MarySmith’sPlace – Afghanistanadventures#39 – Learning who’s who at the Lal clinic

Lal October 1989

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After the excitement of arriving in Lal I experienced a sense of desolation when Khudadad left next day. Although we’d been travelling companions for barely two weeks, not only had I come to depend on him for so much – from ensuring I was well fed to finding a bed for the night – but I’d truly enjoyed his company. As the truck pulled away I stood forlornly clutching the huge melon he had given me as a farewell gift, waving until he was out of sight.

Stocktaking and updating the record cards of leprosy patients seemed such mundane chores compared to the excitement of travelling, never quite knowing what might happen or where we would end up. Having to begin all over again getting to know a new group of people none of whom, apart from Qurban, I had ever met before was daunting.

The clinic was a depressing place with dark, poky little rooms whose tiny windows allowed in hardly any light – a common design feature in houses throughout the area, to insulate them from the bitter chill in winter, when temperatures drop to -40C. Qurban had done his best to improve the appearance of my room, which was the size of a cupboard, by lining the crumbling walls with orange cloth. When I was in bed, a colony of mice staged athletics events behind the cloth, occasionally venturing out to scamper across the pillow. Qurban was negotiating over the price of a piece of land on which to build a new clinic, something I hoped he could accomplish quickly.

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Entrance to the clinic

I began to sort out who was who amongst the staff. Ibrahim was in charge of the dressings and injection room where he did the soaking, trimming and dressing of leprosy patients’ ulcers, as well as attending to other wounds and injuries. As two of his nephews had both been my English students in Karachi where they were trainee leprosy technicians, I happily accepted Ibrahim’s invitation to visit his home in Waras sometime, as I had promised the boys I would try to deliver their letters personally to their families.

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Qurban, his brother Bashir and a patient (name has escaped me)

I’d already been invited by Qurban to visit his family’s village and Haboly, the general medical assistant, was insistent that I must also visit his. Invitations quickly followed from Aziz and Rahimy and my social calendar was soon completely filled for all foreseeable weekends.

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Ibrahim on the camel on the right. Camels were rarely seen so far north

Rahimy had been a mujahid but retired from their service, cheerfully returning his Kalashnikov, to work in the clinic as a field assistant where he was paid a regular salary and was less likely to be shot at. Wounded in a skirmish, the injury had left him with a permanent disability in one hand. He was such a quiet, gentle person, demonstrating a genuine concern for the patients, it was difficult to visualise him in his former role of gun toting freedom fighter. Rahimy was to come with us to Pakistan to attend a laboratory technician course over the winter. The second field assistant, Juma, would then, the following summer, begin his training in Karachi as a leprosy technician.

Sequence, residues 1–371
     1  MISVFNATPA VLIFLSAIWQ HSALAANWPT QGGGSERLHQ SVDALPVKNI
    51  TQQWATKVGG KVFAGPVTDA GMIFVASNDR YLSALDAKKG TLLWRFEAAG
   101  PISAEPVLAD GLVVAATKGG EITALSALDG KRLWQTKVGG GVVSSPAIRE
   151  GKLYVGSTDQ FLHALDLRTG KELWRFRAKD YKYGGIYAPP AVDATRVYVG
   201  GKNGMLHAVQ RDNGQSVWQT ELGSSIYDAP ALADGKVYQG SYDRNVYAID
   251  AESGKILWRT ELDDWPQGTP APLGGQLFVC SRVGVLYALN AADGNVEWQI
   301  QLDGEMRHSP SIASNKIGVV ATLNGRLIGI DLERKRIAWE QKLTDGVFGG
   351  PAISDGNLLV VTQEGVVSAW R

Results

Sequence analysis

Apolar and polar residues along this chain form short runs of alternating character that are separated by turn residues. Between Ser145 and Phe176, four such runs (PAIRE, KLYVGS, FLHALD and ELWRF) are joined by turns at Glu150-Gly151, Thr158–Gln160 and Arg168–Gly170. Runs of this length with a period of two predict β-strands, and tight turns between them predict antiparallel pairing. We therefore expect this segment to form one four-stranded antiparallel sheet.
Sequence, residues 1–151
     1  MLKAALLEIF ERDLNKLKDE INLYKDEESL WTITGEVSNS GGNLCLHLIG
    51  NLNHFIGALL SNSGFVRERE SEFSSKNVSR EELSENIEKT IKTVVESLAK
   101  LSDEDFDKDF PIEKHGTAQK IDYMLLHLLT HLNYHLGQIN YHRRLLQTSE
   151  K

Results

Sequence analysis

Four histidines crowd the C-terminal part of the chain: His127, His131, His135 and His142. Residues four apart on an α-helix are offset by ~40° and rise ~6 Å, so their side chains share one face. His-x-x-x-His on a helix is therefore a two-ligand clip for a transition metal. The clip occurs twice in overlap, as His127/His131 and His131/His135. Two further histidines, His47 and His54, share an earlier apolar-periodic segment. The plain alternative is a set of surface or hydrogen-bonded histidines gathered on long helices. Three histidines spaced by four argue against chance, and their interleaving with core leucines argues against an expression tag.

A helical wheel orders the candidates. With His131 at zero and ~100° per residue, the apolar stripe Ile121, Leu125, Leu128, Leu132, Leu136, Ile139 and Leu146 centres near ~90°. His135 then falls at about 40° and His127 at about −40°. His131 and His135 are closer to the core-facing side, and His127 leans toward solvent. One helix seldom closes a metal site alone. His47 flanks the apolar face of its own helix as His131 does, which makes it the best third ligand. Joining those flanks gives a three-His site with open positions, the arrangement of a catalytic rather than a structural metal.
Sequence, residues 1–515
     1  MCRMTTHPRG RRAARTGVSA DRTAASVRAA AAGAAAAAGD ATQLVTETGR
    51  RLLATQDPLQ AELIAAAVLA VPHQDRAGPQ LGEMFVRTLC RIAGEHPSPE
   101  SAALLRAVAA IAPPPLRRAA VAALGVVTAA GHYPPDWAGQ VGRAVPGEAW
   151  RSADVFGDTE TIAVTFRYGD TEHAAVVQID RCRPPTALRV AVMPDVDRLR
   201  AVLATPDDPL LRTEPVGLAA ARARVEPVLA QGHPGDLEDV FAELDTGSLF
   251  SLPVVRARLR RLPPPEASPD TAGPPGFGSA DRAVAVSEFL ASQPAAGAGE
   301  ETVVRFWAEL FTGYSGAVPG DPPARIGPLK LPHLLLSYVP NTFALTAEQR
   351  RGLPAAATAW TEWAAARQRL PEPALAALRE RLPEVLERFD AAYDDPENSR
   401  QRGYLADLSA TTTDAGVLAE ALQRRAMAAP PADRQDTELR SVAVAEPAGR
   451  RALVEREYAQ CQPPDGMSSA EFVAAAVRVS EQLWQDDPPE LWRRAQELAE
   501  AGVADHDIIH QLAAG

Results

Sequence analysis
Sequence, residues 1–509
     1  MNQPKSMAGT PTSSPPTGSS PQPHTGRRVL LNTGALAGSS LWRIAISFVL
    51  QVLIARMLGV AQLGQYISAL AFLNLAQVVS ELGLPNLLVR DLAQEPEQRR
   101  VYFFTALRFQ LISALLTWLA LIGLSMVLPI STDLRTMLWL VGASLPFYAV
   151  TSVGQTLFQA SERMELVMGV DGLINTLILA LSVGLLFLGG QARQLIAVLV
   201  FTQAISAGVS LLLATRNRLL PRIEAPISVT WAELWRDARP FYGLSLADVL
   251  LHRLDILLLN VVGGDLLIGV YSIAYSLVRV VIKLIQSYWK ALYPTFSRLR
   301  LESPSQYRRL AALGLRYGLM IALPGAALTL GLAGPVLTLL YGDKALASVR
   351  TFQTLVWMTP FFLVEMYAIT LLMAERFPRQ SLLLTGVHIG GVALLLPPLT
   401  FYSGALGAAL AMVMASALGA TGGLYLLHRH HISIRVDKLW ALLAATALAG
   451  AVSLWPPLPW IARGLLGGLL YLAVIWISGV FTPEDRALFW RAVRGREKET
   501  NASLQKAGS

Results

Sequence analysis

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Patient on right and some of his family

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Me being maternal with a baby securely parcelled up so it didn’t wriggle

Every morning patients gathered early outside the gates of the compound. Many travelled for hours by foot, or by donkey – by horse, if they were better off. Some took two days or more to make the journey from remote villages and, most days, around fifty patients arrived to consult Qurban and Haboly. They arrived well prepared for a long wait, bringing with them kettles and dry tea and nan, along with fodder for the horses and donkeys. Children found new playmates with whom to pass the time, chasing each other amongst the groups of adults and around the tethered animals. The scene resembled a country fair and in fact, in the days following the clinic’s initial opening, one enterprising man had opened a temporary chaikhana to cater for the crowds.

 

In addition to these “general” patients Qurban had a case load of around two hundred leprosy patients scattered across his extensive control area. He had an almost equal number of registered tuberculosis cases. It was too much for one leprosy technician to cope with so Qurban was keen for Juma to start his training as soon as possible to lighten the load.

Tuberculosis patients caused the greatest concern because of the rate of absenteeism, and lack of personnel to follow up missing patients. The effectiveness of the tuberculosis drugs in some ways works against controlling the disease in Afghanistan – and other developing countries – because soon after a patient begins his treatment he feels well. Believing he is cured, he discontinues the medication. If he is being prescribed drugs by a private doctor the cost for the full course of treatment is prohibitively expensive and, understandably, the impoverished patient has other uses for his money. The biggest danger, when a patient stops taking his medicine before all the bacteria has been destroyed, is the remaining bacteria mutate into a new strain, resistant to those particular drugs.